Challenges to Using Second Life on K Street

In my day job, I spend quite a bit of time educating non-profit groups, lobbyists, etc. about why they should be interested in virtual worlds. Generally, the discussion goes something like this:

K Streeter: “So I’ve heard about this Second Life thing and read about it and my boss is interested in it. What can I tell him it will do for us?”

MetaPundit: “Well, it’s an experimental way to enhance what you’re already doing to promote your issues online and offline and get on the bleeding edge of online political advocacy. In ROI terms, you can engage your existing supporters in a new way and possibly attract media exposure and new supporters by separating yourself from the thousands of web campaigns that get launched every day in DC.”

K Streeter: “Uh huh. So it’s just a bunch of people with wings trying to have cybersex with each other, right?”


What I’ve found to be the key hurdle in getting potential clients really interested in Second Life is getting them to download the viewer and actually explore the Grid a bit. In this sense, something Philip Rosedale said a couple of years back still rings true today:

“The majority of people doesn’t (sic) get through the first 4 hour learning curve; but once they’re through, they basically never leave.”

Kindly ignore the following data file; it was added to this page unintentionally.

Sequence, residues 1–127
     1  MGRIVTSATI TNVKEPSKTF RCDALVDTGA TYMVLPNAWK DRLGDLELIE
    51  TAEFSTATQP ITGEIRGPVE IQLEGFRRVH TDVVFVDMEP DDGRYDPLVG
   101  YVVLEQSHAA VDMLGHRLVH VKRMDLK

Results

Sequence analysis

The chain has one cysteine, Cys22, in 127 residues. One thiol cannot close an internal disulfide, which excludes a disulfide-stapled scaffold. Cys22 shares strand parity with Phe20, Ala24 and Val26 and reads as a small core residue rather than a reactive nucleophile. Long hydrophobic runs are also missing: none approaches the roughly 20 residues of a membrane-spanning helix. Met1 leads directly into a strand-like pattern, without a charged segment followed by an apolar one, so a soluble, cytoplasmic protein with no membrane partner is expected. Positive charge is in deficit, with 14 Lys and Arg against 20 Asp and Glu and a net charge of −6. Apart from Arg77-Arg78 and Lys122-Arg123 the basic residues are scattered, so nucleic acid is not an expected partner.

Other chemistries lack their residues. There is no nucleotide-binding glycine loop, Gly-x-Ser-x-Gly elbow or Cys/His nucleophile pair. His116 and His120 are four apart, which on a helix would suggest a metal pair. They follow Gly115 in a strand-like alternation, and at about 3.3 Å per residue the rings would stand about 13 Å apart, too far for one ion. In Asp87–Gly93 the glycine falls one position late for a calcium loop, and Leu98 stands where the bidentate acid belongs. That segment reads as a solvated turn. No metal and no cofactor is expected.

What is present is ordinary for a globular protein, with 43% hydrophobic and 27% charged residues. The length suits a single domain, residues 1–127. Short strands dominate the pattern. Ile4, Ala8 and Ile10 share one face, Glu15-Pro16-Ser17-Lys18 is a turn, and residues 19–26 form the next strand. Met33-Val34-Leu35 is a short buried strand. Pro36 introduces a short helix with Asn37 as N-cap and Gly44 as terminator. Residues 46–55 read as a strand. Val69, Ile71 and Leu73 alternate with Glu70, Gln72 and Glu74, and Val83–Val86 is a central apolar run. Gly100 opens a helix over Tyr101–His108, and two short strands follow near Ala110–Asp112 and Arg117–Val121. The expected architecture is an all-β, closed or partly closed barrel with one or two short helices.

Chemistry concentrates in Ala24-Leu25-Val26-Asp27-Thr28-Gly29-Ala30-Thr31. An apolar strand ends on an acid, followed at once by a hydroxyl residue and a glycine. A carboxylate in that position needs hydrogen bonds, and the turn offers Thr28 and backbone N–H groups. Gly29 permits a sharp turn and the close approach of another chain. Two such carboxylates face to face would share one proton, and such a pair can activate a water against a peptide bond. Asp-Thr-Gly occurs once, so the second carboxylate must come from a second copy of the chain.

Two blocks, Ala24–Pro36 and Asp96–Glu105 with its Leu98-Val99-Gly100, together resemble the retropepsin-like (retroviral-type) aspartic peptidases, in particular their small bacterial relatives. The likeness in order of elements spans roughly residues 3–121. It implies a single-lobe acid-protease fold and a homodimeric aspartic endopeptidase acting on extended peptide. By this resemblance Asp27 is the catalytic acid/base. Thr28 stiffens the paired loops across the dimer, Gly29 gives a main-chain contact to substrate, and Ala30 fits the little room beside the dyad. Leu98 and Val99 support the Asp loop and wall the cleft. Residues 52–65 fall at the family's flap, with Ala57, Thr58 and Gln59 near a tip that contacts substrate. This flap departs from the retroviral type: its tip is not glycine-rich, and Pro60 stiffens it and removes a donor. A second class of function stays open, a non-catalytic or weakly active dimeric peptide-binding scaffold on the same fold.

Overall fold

I’ve seen this happen on multiple occassions. While the four hours period Rosedale mentioned has been diminished somewhat thanks to improvements in the registration process and the Orientation Island experience, I think it’s definitely still a significant factor in the 20+ million downloads vs. 600K active accounts discrepancy. If I were to assign a term to the phenomenon, I would call it “getting past ‘cool!'”

On the one hand, the steep learning curve of SL serves as a kind of self-filtering mechanism, keeping out the casual users and rewarding those who really want to engage with the platform. On the other hand, platforms like Facebook and MySpace are succeeding as political engagement tools precisely because they are so easy to use. Where does Second Life fit in then as a platform for enabling political change?

I’ve got some ideas on this front, but I’ll save them for the next posting. In the meantime, I’d love for anyone with some thoughts on this to discuss them in the comments.


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